Review: The Red Thread by Bryan Ellis

After a suicide attempt left him hospitalized for seven months, Jesse Holbrooke is returning home to live with his parents. Despite the treatment he received, his depression hangs like a cloud over his head, casting his life in a perpetual darkness he can’t seem to escape. But just when the obstacles become insurmountable, a glimmer of light appears.

Life hasn’t been easy for Adam Foster, a barista with a bad stutter, but he keeps his chin up and tries not to let the mockery of others get to him. Though shy, Adam is sweet and romantic, and Jesse knows they could be perfect for each other. Adam’s support gives Jesse the courage to face the darkness and believe in the possibility of happiness at last. But if their romance is going to last, both young men will have to look inside and find acceptance—for themselves as well as for each other.

DNF @ 12%

There is something in the tone of this story that made it very difficult for me to read. This story is about a man with depression, and to be quite honest, the way this is written caused me to sink into a not good place. I doubt that is what the author intended, and I like to believe that Jesse would start to move into a slightly more level headspace while developing his relationship with Adam, but unfortunately, after trying twice, and being triggered twice, I cannot put myself through it.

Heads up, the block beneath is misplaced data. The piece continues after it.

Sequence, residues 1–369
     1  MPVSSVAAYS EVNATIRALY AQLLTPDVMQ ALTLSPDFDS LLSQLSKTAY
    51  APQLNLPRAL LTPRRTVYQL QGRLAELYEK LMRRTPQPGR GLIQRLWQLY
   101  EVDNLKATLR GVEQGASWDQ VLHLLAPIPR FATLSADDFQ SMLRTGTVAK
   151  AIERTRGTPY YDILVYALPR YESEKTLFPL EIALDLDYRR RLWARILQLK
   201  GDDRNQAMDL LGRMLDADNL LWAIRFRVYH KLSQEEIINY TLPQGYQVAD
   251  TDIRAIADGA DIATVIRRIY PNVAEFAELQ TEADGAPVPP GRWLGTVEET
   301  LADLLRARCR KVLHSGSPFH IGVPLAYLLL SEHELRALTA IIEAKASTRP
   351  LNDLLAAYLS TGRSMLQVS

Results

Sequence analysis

From what I read, there was a lot of internal monologuing. Not my favourite style of writing. Coupled with the darker emotional content, and it stalled the story too much for me. I felt like I was sinking into a fog and I had to stop reading for a few days just to get my headspace back.

I’m sure there is an audience for this. I think it’s an important topic to write about. It is also important for love stories to be written with characters who live with depression, and for it to be realistic and not presented with ‘love cures all’. I think this story was going to be that. Jesse’s depression and Adam’s stutter would push both into acceptance of the other’s needs and differences. But alas, since I didn’t get far enough into it to know, I’m just going to have to have faith that the author put a lot of love and care into the way the main characters were authentically presented from start to finish.

A copy was provided in exchange for a review

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